USC grads helping with Gulf oil spill
“I can’t convey how horrible this situation is and how many years from now we will continue to be haunted!” Walters said. “I think it might be worse for us on the East Coast because we are in a wait and see mode that could never end. Our impacts will range from zero to huge, all depending on hurricanes (and hurricanes alone are bad enough). One of my current large projects is oyster-reef restoration in the Indian River Lagoon, and we’ve restored 35 reefs with help from over 14,000 people in the past four years. It would be horrible to see that wasted.”
Gilg, an associate professor at the University of North Florida, earned his Ph.D. in biology from USC in 2002.
He is writing a grant proposal with colleagues at University of Central Florida to study the effects of the oil dispersant on oyster larvae.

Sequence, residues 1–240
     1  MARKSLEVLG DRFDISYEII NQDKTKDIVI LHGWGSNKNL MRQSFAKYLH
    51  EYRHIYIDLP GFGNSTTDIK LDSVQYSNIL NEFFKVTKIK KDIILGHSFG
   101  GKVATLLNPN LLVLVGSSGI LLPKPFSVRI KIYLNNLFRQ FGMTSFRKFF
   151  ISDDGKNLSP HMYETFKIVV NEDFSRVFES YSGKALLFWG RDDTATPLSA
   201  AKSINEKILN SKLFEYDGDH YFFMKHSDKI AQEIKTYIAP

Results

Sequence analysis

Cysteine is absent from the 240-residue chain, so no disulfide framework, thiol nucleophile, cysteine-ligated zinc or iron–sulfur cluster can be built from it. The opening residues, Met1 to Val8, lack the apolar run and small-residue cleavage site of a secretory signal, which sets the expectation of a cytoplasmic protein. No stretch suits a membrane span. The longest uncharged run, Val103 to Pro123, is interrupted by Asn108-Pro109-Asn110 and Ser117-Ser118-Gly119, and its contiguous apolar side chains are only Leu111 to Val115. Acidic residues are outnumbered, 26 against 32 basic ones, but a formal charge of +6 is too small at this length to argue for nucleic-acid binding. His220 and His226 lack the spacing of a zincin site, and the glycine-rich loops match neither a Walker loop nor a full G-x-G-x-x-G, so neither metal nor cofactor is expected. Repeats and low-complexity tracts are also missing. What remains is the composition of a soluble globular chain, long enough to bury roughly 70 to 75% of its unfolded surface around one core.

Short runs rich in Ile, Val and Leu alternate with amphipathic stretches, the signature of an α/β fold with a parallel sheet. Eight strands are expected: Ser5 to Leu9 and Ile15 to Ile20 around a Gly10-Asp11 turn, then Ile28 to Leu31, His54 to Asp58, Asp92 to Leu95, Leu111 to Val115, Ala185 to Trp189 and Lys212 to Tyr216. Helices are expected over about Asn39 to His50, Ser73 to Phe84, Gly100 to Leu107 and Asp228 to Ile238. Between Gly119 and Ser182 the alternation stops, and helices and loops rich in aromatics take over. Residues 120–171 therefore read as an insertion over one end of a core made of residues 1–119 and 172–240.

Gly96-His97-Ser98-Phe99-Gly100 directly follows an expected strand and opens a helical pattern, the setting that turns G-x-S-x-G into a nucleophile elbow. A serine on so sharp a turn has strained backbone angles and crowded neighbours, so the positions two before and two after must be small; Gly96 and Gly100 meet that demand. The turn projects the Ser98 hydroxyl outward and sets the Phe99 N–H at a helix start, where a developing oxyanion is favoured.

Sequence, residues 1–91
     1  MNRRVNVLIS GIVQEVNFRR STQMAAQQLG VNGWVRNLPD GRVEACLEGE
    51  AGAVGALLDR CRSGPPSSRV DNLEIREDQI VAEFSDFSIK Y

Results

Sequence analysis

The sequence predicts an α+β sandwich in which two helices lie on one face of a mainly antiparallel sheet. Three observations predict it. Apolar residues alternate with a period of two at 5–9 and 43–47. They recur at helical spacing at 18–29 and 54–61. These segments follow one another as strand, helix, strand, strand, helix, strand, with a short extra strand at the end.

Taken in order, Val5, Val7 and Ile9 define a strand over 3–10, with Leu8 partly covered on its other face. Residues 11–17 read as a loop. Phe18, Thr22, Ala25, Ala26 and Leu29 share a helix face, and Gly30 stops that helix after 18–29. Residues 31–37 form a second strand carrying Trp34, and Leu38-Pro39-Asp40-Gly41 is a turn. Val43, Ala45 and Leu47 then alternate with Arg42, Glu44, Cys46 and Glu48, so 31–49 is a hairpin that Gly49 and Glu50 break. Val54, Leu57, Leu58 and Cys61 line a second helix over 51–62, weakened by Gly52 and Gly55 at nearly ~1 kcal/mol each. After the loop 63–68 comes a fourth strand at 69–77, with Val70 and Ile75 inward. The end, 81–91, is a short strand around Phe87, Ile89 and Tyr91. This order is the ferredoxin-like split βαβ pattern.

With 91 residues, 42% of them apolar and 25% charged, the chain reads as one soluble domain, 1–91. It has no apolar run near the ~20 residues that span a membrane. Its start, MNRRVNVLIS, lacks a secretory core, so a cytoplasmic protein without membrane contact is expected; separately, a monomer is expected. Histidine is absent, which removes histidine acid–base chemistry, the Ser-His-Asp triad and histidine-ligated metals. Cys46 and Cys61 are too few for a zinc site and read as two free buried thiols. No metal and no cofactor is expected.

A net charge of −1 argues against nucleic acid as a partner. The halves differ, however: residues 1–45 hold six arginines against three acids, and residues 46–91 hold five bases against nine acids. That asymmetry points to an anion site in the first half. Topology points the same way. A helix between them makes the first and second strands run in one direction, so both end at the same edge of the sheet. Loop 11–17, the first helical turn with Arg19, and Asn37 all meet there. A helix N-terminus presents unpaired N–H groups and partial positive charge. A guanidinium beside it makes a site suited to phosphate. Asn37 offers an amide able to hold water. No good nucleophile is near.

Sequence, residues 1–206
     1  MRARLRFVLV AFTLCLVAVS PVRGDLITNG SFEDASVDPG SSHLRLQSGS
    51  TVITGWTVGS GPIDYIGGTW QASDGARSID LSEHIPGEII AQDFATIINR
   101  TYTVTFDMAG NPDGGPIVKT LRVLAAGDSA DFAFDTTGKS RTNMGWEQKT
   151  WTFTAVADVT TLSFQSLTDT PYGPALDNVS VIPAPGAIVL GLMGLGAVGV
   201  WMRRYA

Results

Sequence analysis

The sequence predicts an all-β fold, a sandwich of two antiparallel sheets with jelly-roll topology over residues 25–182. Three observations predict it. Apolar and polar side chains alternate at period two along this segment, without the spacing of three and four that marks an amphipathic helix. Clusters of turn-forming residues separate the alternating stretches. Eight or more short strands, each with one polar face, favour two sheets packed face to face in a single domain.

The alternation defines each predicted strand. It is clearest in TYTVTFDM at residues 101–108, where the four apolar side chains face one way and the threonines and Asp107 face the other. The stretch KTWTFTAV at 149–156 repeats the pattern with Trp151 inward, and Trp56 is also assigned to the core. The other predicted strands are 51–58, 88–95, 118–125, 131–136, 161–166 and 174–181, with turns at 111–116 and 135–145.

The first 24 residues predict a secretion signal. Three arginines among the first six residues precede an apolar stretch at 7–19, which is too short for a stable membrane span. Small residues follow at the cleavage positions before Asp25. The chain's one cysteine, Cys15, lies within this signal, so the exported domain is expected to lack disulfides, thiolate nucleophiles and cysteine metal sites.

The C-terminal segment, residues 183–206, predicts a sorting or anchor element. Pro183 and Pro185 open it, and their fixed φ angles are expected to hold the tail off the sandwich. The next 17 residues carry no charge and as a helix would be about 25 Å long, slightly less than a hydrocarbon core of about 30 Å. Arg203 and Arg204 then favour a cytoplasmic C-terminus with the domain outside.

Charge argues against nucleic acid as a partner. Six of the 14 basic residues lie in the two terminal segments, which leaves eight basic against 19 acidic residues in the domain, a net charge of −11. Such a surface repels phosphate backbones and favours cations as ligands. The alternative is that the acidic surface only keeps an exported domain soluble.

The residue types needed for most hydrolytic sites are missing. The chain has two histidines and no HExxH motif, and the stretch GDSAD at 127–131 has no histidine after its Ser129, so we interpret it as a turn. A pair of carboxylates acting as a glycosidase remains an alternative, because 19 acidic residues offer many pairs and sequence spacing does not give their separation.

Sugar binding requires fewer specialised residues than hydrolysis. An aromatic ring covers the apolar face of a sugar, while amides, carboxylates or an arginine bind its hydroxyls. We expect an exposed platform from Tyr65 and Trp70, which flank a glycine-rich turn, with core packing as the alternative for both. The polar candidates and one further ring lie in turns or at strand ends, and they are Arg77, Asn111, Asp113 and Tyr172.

“I think the spill is considerably worse than initially thought, and I am especially worried about the use of the dispersant,” he said. “No one knows anything about it and, as of right now, BP is not giving it to anyone. I’m afraid we won’t know how it will affect the Gulf for a while, but most spills have at least some long lasting effects.”
Riki Ott is a marine toxicologist, author, activist and public speaker who earned her master’s from USC. She has appeared on several national news shows, including CNN and MSNBC’s “Rachel Maddow Show” and “Countdown with Keith Olbermann,” to talk about the health effects of the spill and the chemical dispersants that are being used to try to get it under control. Her Environmental Forum blog, “Lessons from the Exxon Valdez Spill,” appeared on the Reuters website in May.
Ott moved to Alaska after receiving her Ph.D. from the University of Washington. Her books include “Not One Drop” and “Sound Truth and Corporate Myths” about the Exxon Valdez spill in Prince Williams Sound and its aftermath. She is the founder of three nonprofit organizations that deal with lingering harm from man-made environmental disasters.